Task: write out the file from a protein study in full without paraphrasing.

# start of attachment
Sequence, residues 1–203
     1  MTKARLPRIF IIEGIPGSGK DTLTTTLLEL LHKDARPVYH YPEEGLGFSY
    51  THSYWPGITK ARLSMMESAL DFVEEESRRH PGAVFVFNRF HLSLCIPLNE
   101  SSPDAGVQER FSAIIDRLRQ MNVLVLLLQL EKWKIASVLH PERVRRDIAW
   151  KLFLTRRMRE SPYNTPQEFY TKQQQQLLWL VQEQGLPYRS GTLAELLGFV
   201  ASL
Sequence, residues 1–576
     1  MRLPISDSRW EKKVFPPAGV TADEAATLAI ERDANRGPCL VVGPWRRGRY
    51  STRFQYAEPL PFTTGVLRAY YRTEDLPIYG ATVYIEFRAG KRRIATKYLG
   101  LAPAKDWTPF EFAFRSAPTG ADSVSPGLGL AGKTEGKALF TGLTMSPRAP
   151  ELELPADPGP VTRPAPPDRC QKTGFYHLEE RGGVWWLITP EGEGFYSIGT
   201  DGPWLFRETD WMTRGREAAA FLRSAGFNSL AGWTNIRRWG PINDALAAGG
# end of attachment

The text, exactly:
Sequence, residues 1–203
     1  MTKARLPRIF IIEGIPGSGK DTLTTTLLEL LHKDARPVYH YPEEGLGFSY
    51  THSYWPGITK ARLSMMESAL DFVEEESRRH PGAVFVFNRF HLSLCIPLNE
   101  SSPDAGVQER FSAIIDRLRQ MNVLVLLLQL EKWKIASVLH PERVRRDIAW
   151  KLFLTRRMRE SPYNTPQEFY TKQQQQLLWL VQEQGLPYRS GTLAELLGFV
   201  ASL
Sequence, residues 1–576
     1  MRLPISDSRW EKKVFPPAGV TADEAATLAI ERDANRGPCL VVGPWRRGRY
    51  STRFQYAEPL PFTTGVLRAY YRTEDLPIYG ATVYIEFRAG KRRIATKYLG
   101  LAPAKDWTPF EFAFRSAPTG ADSVSPGLGL AGKTEGKALF TGLTMSPRAP
   151  ELELPADPGP VTRPAPPDRC QKTGFYHLEE RGGVWWLITP EGEGFYSIGT
   201  DGPWLFRETD WMTRGREAAA FLRSAGFNSL AGWTNIRRWG PINDALAAGG